Debate Magazine

KIller Arguments Against LVT, Not (474)

Posted on the 10 December 2019 by Markwadsworth @Mark_Wadsworth

It's nice to see five time honoured classic KLNs in this morning's City AM, neatly packaged and bundled. I've a nasty feeling that Homeys use kaalvtn.blogspot.co.uk for reference:
Should business rates be scrapped and replaced with a land tax, as the Lib Dems suggest?
Sarah Collins, director of RIFT Research and Development, says NO.
At first glance, scrapping business rates will be received well by small business owners. But there’s a problem: it needs to be paid for, and to the tune of around £25bn each year in typical tax revenue (1).
The Lib Dem solution is to tax commercial landlords, which is all well and good until you realize the following.
Local councils are dependent upon business rates to fund local services. Any funding gap brought about by a miscalculation or by landlords simply domiciling their assets elsewhere (2) would leave neighbourhoods bereft of support for things like affordable homes, social care, play areas — all of which the Lib Dems say they stand up for.(3)
These same commercial landlords — the likes of British Land and Land Securities — are also invested in by pension funds (4). Tax them until the pips squeak,(5) and returns will diminish and pension pots will shrink. This will again impact the very same people whom Jo Swinson says she’s looking out for.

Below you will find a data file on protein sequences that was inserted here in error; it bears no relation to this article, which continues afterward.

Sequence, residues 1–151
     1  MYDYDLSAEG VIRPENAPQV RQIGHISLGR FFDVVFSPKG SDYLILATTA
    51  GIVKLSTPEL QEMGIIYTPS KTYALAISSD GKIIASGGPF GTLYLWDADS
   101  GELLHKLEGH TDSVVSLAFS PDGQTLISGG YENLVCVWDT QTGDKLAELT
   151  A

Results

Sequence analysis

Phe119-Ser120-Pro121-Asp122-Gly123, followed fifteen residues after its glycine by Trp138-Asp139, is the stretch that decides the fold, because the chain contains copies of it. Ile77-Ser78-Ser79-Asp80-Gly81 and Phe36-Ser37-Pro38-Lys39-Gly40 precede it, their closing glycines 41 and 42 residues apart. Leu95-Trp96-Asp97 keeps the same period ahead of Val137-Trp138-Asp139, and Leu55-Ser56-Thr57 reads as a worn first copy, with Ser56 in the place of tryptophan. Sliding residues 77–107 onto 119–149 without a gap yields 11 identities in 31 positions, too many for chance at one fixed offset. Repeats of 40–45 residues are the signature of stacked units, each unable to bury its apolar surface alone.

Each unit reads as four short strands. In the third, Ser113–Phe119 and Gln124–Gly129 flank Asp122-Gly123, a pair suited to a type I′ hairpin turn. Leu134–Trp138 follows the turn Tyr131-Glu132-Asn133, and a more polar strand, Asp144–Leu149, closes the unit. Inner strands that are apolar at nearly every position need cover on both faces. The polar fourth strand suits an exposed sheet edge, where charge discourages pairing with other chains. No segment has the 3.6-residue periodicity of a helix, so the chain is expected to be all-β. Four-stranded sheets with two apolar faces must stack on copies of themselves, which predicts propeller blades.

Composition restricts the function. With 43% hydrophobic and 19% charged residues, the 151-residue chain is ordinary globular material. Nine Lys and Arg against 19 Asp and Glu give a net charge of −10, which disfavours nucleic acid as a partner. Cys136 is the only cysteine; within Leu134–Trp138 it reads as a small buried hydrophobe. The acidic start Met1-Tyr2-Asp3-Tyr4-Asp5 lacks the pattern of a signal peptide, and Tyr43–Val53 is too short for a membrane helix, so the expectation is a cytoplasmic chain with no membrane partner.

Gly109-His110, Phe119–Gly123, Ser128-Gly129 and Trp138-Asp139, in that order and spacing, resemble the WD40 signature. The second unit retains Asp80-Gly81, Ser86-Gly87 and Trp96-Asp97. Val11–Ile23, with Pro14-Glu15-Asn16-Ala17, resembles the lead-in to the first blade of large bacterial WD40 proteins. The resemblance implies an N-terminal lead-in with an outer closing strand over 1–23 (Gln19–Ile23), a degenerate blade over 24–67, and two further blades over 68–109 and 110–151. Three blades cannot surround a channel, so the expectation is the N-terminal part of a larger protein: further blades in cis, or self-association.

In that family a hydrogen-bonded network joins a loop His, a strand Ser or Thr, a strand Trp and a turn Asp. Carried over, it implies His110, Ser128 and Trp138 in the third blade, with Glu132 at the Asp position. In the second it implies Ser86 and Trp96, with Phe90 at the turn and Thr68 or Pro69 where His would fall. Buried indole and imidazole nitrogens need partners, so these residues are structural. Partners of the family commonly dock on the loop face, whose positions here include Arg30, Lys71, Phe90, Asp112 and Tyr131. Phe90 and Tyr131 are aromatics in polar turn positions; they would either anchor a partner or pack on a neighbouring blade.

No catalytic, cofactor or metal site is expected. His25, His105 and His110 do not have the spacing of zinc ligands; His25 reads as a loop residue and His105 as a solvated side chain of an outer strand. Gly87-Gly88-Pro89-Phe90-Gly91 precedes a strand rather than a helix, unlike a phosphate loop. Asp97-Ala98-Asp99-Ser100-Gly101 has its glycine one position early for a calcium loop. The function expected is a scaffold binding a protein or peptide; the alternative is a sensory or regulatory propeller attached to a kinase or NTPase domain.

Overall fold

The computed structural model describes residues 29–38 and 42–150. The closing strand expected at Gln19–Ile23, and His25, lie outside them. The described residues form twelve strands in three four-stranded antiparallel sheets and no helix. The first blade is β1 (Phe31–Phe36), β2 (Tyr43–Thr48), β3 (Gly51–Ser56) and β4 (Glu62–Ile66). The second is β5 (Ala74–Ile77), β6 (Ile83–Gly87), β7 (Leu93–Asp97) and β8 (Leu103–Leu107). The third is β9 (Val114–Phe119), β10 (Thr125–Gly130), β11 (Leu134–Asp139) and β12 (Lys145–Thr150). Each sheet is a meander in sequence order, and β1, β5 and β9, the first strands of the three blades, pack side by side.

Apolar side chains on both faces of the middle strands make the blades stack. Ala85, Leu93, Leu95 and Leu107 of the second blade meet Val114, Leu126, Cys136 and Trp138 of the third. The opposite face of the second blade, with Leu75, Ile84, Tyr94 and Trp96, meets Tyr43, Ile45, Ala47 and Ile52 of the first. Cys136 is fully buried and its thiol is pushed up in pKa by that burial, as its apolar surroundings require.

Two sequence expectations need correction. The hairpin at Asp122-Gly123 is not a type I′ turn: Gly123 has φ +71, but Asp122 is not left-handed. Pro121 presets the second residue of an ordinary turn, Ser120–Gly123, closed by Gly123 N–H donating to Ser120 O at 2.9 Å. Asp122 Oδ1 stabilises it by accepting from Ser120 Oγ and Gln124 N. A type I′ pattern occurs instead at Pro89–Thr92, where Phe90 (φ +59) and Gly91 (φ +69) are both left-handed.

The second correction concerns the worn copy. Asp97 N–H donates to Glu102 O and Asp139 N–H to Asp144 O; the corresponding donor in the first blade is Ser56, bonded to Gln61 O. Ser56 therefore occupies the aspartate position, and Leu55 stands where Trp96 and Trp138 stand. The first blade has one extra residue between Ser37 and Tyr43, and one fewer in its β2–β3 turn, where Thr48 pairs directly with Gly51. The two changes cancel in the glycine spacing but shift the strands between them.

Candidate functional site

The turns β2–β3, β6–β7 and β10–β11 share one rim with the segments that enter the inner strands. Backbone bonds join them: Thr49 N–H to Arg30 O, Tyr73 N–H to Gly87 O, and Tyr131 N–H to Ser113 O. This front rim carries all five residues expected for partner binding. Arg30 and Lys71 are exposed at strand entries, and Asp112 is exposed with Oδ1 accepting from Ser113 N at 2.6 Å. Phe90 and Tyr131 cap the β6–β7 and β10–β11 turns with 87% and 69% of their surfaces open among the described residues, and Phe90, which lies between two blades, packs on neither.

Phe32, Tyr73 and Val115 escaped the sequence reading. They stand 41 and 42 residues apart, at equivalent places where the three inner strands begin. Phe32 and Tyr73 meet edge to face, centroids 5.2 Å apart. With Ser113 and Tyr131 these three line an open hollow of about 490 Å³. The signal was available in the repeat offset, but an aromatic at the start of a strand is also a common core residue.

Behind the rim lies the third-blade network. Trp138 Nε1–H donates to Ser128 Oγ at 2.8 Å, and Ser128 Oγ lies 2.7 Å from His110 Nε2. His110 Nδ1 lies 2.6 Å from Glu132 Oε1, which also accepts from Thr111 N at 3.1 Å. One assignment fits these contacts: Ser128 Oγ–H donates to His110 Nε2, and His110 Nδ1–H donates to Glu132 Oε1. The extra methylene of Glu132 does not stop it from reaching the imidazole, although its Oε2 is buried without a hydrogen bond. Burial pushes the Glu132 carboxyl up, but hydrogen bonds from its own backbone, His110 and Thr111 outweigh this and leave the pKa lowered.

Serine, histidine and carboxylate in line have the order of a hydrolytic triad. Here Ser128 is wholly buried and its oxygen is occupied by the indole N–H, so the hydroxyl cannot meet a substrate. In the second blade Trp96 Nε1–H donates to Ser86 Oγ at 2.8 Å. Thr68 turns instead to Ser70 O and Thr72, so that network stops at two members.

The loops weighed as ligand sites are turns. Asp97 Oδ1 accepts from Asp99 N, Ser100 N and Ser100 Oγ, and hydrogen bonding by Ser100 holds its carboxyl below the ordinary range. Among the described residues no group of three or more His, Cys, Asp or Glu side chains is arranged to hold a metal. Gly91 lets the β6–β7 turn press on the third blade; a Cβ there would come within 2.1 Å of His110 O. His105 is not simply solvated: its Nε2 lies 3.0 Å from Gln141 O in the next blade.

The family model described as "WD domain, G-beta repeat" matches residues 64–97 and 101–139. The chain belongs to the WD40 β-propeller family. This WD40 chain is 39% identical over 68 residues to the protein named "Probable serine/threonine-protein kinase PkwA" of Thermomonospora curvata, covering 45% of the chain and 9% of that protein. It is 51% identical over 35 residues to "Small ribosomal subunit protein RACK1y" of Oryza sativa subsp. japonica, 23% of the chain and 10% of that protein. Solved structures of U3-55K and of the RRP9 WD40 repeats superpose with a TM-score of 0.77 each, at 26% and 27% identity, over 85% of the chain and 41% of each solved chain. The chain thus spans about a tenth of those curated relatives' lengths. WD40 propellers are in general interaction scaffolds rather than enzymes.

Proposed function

1) Yes, it was proposed as a replacement tax, so ought to raise the same amount as Business Rates.
2) We're familiar with the Missing Homes Conundrum. This woman is going one better with the Missing Land Conundrum.
3) There is no direct link between taxation and spending. This KLN links Business Rates with Good Things, an interesting twist on the traditional KLN that LVT revenues would be wasted on Bad Things.
4) Totally irrelevant.
a) Pension funds also own shares in weapons manufacturers (and other cartoon baddies like Big Oil, alcohol and tobacco); is this an argument against embargos on the sale of weapons to unfriendly regimes, or against fuel duty, or against preventing under-18 year olds from buying booze or fags?
b) Pension funds also own shares in retailers and other businesses currently paying Business Rates, so the gains and losses would largely cancel out anyway.
5) It's a replacement tax. You could increase any tax (apart from LVT) to a ridiculous rate; that's not an argument for or against any particular kind of tax. And in (3) above, she criticised LVT on the basis that revenues would fall.


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